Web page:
To celebrate Veterans Day, Manhattan College hosted Jasper alumnus, World War II Prisoner of War (POW) and Korean War veteran Paul Loong ’58, M.D., and his daughter Theresa Loong, a filmmaker.
The Nov. 11 visit included a screening of Theresa Loong’s documentary Every Day is a Holiday, which details her father’s journey from 19-year-old Japanese POW to American citizen.
Following his three-year captivity in a Japanese internment camp, Malayan-born Loong arrived in the United States to start a new life. He served as a merchant seaman aboard American ships until the beginning of the Korean War, when he enlisted in the military.
For nine years, Loong was denied citizenship by the country for which he served on the front lines. Finally, on Jan. 9, 1956, a day he says was one of his happiest, Loong was naturalized.
He attended Manhattan College on the GI Bill and went on to study medicine in Italy. He practiced as a doctor at the Veterans Affairs Hospital in East Orange, N.J., until his retirement.
During his recent visit to Riverdale, 90-year-old Paul Loong reflected on his experiences as a Jasper and a veteran, and Theresa Loong shared hers as a storyteller:
What influence did the Christian Brothers and Manhattan College have on your life?
Paul: I spent four of the best years of my life at this College. What a peaceful place it was. What a holy place. Just a simple example is to make a visit to the Blessed Sacrament — instead of having to go very far, you go to the Chapel. It was a really peaceful four years. The last time I was here was the summer of 1971. I haven’t been back since.
What was your favorite class at Manhattan College?
Paul: I liked literature, reading things like The Great Gatsby, learning about the Roaring 20s and American history.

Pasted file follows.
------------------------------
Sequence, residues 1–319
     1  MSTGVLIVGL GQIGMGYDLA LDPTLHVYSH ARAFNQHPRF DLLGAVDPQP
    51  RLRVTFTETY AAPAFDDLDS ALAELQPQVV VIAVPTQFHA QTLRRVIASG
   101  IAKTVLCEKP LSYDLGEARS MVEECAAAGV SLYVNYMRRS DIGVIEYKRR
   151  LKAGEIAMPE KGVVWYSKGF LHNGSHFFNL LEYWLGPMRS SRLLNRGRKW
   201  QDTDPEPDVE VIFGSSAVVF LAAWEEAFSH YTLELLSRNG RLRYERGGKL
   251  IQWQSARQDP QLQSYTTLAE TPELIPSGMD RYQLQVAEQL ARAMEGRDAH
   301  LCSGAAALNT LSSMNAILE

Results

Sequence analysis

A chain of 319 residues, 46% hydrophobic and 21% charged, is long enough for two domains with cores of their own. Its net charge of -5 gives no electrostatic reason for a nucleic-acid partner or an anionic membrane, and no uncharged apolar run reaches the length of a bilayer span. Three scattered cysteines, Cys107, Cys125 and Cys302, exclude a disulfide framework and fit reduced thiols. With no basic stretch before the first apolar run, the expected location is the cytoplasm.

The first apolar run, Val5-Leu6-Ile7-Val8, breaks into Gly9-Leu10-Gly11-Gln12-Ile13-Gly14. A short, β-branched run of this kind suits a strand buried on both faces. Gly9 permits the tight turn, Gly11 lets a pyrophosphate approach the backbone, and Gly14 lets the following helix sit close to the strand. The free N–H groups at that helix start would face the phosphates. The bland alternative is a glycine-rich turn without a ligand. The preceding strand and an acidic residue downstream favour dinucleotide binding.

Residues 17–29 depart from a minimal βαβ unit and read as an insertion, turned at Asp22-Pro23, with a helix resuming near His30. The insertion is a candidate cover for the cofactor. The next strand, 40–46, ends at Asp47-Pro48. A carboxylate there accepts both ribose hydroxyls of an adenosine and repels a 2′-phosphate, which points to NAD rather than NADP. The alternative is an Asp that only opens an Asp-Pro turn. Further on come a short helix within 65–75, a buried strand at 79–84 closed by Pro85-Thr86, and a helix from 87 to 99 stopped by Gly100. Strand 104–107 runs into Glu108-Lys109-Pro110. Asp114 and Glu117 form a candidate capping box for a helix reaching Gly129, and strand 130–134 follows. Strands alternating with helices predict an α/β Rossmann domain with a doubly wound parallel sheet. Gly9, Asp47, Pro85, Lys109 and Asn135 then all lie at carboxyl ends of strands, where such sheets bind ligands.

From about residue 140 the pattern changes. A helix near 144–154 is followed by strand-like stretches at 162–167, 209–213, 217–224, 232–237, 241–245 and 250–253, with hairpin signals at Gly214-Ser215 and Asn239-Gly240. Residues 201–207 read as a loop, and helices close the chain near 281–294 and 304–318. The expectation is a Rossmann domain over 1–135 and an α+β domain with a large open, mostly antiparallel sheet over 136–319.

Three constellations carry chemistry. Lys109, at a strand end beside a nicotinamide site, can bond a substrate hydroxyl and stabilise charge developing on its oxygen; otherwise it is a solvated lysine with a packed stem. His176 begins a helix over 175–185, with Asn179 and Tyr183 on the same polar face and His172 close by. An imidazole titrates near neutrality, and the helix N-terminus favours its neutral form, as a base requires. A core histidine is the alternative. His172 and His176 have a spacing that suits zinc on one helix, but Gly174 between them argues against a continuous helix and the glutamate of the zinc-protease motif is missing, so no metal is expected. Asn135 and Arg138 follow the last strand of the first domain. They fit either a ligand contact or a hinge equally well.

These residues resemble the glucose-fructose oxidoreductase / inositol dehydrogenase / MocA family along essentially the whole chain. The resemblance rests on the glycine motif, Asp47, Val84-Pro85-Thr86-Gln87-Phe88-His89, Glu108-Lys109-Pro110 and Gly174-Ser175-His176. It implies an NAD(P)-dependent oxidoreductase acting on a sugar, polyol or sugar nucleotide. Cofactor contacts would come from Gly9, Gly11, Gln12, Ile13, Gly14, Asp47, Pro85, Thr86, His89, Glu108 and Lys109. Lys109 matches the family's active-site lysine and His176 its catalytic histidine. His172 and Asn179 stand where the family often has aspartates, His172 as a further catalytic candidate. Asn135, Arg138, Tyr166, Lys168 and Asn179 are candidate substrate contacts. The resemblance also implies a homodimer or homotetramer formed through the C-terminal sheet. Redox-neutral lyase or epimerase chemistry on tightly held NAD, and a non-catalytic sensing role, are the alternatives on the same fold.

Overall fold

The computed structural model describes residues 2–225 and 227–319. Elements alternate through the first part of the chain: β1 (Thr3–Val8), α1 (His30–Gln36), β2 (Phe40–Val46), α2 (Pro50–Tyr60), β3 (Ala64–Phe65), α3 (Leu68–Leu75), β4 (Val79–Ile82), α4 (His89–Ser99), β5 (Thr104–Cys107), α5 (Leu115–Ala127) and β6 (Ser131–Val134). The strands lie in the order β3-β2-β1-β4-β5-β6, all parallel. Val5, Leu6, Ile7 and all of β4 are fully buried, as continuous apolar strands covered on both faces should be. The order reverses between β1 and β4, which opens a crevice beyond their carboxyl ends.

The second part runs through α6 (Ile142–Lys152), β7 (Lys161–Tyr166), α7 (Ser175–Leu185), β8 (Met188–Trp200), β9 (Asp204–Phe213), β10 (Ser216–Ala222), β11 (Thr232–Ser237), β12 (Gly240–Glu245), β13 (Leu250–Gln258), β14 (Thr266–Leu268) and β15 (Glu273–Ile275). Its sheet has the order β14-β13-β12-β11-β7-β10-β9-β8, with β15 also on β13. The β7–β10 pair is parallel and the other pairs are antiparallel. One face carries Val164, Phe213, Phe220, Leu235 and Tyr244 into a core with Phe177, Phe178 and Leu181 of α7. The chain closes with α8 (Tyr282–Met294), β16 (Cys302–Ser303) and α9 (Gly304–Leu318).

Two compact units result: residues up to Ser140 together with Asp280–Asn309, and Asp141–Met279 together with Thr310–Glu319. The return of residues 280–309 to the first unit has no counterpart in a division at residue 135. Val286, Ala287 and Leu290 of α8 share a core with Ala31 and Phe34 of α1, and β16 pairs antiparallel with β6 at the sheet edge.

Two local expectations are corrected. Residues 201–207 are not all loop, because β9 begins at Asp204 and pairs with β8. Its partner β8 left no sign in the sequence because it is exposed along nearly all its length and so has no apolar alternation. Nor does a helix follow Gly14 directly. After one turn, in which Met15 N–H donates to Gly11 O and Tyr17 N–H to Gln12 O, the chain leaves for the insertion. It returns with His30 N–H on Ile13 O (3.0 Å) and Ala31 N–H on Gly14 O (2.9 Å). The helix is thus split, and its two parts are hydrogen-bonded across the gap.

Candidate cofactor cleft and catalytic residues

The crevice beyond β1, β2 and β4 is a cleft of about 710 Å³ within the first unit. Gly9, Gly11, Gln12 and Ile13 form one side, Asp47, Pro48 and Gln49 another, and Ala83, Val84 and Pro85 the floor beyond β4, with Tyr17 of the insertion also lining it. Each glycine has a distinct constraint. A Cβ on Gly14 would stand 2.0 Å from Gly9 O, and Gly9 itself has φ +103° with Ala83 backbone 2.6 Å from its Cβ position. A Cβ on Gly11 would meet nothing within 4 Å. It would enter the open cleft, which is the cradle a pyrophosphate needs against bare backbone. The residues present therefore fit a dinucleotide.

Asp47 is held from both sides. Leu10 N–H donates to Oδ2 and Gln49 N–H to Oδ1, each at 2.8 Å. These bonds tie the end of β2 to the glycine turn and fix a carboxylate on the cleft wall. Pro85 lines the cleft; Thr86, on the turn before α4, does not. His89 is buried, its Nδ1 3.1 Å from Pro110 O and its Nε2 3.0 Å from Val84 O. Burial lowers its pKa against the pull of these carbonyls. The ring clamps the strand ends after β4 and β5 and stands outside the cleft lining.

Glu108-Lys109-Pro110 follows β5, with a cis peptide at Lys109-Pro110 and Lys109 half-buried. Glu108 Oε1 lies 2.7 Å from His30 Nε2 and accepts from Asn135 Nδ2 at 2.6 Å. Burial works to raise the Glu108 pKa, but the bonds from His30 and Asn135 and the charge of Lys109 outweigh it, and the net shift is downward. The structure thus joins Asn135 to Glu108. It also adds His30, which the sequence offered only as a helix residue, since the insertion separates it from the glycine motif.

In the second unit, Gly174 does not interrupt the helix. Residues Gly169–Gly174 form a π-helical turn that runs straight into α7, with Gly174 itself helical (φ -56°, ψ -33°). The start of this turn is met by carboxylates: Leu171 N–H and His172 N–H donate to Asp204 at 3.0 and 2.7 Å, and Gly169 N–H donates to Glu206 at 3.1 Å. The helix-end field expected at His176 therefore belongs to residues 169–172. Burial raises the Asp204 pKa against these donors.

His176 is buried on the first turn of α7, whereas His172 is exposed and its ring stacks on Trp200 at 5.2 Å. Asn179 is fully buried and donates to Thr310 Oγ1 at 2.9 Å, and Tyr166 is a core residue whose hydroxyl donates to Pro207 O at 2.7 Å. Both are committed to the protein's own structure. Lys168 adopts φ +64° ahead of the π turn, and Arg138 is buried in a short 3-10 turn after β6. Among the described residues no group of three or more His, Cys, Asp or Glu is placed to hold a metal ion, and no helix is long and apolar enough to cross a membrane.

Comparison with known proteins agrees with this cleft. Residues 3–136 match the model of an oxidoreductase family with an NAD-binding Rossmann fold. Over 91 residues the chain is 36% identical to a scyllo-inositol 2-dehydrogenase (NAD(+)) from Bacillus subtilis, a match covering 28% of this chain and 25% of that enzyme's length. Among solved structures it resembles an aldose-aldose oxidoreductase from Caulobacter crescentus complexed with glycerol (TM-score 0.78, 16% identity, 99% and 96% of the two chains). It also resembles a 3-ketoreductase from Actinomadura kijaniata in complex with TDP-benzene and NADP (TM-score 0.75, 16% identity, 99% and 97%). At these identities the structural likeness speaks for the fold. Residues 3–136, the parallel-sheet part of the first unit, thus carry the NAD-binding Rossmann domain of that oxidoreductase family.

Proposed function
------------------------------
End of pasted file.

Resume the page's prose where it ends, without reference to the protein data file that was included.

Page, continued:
What did you enjoy most about practicing medicine?
Paul: To be able to work with veterans — most of my patients were veterans of World War II — to work with them, to help them, to talk about old times and joke with them. And to repay my gratitude to them. Without those guys, a lot of things would be different in this country.
Did you do anything special today for Veterans Day?
Paul: Just say a prayer for the departed souls. I imagine most of those departed souls of World War II are in a better place. You know, those guys never thought they did something glorious. They just got in, were drafted, and did their duty and came back, that’s all.
What’s your advice to current Manhattan College students? How can they live every day as a holiday?
Paul: Just do the normal things, right? Do your homework, say your prayers, stay away from drugs. I thank the Brothers for giving me a strong foundation of truth. Stay on a straight and narrow path.
What do you hope viewers take away from the film?
Theresa: I find it interesting that you can take history, you can study it in multiple ways or present it. So, one way is to study it in a classroom; one is what I was working on, a documentary; or writing articles, or adapting it for a play or operetta. I think that all these different ways to communicate history — past and present, or future — is really valuable. I hope that the students also take that message away. It took a long time to talk to my dad about this, and, like he said coming in, he doesn’t think the story’s that interesting. But these stories, whether it’s his or the Brothers’, even students’ here — they’re valuable. We have to reinforce that.
What have you learned through the process of creating Every Day is a Holiday?
Theresa: What I’ve learned is that there’s something to be said for persistence and setting goals. It wasn’t easy for my dad to tell this story, and it wasn’t easy for me to pry it out of him. If you want to be a storyteller, you have to have patience, be authentic and you have to listen.
Paul: Always tell the truth and truth will prevail.